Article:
Description: This new regional gross anatomy book is oriented around 61 clinical cases. While asking the student to work through various carefully crafted cases, the book incorporates other disciplines such as pathology, embryology, histology, radiography, and cell biology. A comprehensive multiple-choice examination at the end of the book assesses the student's mastery of the material.
Purpose: The book is intended to complement students' standard anatomy texts while focusing on relevant clinical correlations. As more and more medical programs are moving toward problem-based learning, books such as this one are becoming very useful. As such, the book certainly meets the author's objectives.
Audience: While the author states that the book is aimed at professional students and residents, it is likely best suited for students who have more available time and are looking to build their clinical knowledge base as well as their basic science knowledge. The author is an associate professor of anatomy at Des Moines University.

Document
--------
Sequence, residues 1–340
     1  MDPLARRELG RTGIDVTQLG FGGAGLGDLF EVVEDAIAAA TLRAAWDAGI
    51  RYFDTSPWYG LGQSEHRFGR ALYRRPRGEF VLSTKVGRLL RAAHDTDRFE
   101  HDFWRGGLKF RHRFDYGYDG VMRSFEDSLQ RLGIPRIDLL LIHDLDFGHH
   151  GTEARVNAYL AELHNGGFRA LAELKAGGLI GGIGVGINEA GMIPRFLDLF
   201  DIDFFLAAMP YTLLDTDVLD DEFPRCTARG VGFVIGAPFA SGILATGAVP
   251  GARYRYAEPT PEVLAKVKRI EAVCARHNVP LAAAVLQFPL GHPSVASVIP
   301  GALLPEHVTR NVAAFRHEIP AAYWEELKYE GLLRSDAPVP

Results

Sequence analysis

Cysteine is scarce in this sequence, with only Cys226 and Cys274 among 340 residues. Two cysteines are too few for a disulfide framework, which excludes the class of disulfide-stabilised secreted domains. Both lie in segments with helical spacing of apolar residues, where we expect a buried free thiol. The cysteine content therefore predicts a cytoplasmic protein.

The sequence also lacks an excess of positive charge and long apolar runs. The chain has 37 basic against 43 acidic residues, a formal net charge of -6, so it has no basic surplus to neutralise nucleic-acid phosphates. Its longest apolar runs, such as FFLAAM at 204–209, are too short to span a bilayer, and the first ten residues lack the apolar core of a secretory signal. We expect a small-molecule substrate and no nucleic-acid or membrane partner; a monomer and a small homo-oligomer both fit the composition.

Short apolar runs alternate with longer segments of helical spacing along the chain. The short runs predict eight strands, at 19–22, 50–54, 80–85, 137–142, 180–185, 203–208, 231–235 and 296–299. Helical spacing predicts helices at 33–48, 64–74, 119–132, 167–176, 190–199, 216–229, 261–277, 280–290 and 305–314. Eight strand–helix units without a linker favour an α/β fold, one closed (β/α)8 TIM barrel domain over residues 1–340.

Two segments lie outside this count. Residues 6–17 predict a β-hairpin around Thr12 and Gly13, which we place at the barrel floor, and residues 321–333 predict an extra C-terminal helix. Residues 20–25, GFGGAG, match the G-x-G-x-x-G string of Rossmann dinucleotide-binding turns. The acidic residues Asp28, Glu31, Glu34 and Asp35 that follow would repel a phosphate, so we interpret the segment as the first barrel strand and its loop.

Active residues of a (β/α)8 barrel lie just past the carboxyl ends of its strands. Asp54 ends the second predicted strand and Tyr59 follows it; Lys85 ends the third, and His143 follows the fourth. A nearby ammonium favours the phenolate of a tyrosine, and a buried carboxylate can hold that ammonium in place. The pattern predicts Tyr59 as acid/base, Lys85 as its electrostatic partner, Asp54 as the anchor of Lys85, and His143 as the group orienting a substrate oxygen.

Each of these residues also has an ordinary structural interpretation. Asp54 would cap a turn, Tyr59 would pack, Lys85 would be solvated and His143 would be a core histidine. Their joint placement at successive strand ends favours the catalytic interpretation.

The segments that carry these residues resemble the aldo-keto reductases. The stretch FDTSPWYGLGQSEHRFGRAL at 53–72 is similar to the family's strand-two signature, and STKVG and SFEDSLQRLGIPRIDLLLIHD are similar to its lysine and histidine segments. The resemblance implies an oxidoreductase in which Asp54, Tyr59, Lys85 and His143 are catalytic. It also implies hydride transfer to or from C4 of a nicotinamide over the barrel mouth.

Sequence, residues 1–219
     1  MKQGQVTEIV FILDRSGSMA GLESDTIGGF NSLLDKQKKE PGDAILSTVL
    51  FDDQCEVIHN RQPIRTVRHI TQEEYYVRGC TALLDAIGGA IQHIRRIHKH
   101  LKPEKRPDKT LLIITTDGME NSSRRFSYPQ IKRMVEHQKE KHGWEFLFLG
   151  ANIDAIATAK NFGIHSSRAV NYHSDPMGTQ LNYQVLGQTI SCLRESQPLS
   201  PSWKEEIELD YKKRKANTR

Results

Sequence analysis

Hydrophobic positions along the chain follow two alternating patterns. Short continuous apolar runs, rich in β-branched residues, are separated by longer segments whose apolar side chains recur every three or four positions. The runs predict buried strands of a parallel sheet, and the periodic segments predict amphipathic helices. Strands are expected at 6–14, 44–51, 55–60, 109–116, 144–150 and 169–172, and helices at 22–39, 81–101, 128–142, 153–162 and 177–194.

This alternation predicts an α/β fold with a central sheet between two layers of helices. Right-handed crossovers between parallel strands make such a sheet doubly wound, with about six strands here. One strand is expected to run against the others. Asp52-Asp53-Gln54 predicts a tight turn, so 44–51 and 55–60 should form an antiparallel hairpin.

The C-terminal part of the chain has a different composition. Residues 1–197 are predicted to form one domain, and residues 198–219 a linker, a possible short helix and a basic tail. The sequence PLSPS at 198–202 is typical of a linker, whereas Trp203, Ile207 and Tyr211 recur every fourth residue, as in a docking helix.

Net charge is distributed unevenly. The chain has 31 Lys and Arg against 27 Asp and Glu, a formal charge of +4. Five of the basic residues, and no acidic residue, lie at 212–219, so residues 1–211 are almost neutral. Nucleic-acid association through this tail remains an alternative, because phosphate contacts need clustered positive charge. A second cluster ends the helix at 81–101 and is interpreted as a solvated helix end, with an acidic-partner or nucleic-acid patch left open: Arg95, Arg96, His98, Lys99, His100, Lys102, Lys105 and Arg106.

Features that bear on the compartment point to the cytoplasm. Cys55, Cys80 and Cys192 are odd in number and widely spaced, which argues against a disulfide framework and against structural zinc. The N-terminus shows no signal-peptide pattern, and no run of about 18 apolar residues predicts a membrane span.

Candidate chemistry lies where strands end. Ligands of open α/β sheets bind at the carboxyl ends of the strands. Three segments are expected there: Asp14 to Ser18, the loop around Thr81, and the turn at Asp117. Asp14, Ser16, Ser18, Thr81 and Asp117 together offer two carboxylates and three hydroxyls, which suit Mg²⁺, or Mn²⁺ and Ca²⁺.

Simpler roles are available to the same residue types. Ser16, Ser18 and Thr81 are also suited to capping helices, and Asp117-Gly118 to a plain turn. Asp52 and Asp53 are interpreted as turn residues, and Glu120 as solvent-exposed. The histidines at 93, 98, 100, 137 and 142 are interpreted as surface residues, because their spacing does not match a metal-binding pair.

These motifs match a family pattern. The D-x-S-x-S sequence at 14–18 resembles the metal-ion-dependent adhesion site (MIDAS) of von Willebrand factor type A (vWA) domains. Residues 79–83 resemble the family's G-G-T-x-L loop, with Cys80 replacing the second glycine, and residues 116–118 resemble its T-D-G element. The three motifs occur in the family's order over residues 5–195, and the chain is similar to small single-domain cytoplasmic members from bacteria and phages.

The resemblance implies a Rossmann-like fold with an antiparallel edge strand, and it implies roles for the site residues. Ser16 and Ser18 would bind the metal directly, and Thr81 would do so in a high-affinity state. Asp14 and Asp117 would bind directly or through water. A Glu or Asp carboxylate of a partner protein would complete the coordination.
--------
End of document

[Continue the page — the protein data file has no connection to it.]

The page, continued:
Features: This is a regional anatomy book that approaches the broad topic of gross anatomy from a clinical perspective in a case-based format. Other important disciplines such as pathology, histology, embryology, cell biology, and radiology are integrated into the material. The greatest asset of this book is its focus on clinical scenarios which will greatly facilitate students' understanding of difficult material. The images are also extremely useful. It should be emphasized, however, that this book is meant to function as a complement to other, more complete anatomy texts. In fact, it is claimed that the book has parallels to Gray's Anatomy for Students, Drake et al. (Elsevier, 2004), but I could not readily find the correlation. Such references should be included. Also, references should be included at the end of each case that direct students to other relevant resources for further learning.
Assessment: This is an excellent complementary resource for professional students looking to solidify their anatomy knowledge and begin to acquire fundamental clinical knowledge for the years to come. The embryological content, sometimes slighted in other books, is particularly useful and is very clinically important. This should not be a student's primary resource, but should be used to solidify concepts after mastering them in a different venue. By using this book, students will retain very important information for the rest of their careers and will more fully appreciate the importance of gross anatomy and the complexity of the human body.